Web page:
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Terraform Labs, the company behind the LUNA digital currency, has filed a motion with a New York court in an ongoing litigation with the US Securities and Exchange Commission (SEC). In its petition, the company claims that the regulator violated the procedure by forcing its lawyers to serve a subpoena to the founder of Terraform when he came to the United States to speak at a digital currency event.
At the center of the battle is the Mirror Protocol, a platform built on the Terra blockchain that allows users to trade synthetic assets tied to real stocks. Users can create and trade these so-called mirror assets that track popular stocks like Apple, Google, and Amazon.
This concept is not new: Binance pioneered it even before the launch of the Mirror Protocol. However, as Binance has learned from its own experience, regulators are not very good at such platforms. This was one of the main reasons Binance experienced its worst year in terms of regulatory repression, when supervisors such as Germany’s BaFin ordered it to shut down the exchange trading platform.
The Mirror Protocol got interested in the US Securities and Exchange Commission earlier this year. However, at that time, its jurisdiction was very limited. Terraform Labs is based in Singapore and its founder, Do Kwon, is a South Korean resident also in Singapore. The only thing the SEC could do was contact Kwon and ask him for voluntary cooperation, which she did. Kwon’s lawyers said he spent quite a bit of time voluntarily providing information on the Mirror Protocol, including one five-hour video call.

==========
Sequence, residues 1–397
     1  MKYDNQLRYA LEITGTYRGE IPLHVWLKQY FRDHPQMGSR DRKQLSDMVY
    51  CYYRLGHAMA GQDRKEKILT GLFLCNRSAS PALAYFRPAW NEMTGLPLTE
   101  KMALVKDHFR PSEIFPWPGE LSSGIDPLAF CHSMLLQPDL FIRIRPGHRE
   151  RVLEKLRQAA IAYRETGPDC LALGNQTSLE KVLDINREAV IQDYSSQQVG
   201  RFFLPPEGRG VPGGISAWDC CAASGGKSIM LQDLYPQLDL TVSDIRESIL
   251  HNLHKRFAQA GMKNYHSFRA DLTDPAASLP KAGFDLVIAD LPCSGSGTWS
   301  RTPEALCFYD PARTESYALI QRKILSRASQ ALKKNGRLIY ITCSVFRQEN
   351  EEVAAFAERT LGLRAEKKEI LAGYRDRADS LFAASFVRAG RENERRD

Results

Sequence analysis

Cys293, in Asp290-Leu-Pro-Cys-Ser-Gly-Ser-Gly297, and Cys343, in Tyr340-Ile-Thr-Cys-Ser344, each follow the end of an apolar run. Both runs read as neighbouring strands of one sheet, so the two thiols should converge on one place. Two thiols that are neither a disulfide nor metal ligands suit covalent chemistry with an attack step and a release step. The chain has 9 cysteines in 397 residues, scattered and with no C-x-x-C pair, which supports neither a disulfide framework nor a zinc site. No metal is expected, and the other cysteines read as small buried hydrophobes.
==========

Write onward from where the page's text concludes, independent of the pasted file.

On September 20, Kwon came to the United States to attend and speak at the Mainnet conference in New York. The SEC took advantage of this and served him a subpoena right before he took the stage. According to Kwon, he learned that he had been handed a summons later, when he got acquainted with the papers that had been handed to him earlier.
The subpoena requires Kwon to hand over several documents related to the Mirror Protocol, explain his role in the project, disclose his ownership of MIR (which is the platform’s token manager), and personally report to Washington, where the SEC is located, to answer some questions.
In a statement filed December 17 with the Southern District of New York, Kwon claims the SEC violated its procedures by serving him a subpoena in this way. In addition, he claims that the Commission has no jurisdiction over him or his company.
However, in the past, the SEC has argued that because the Mirror Protocol serves American users, the Commission has the necessary jurisdiction. And since Do Kwon was in New York when the subpoena was handed to him, the regulator claims to have not violated any procedure.
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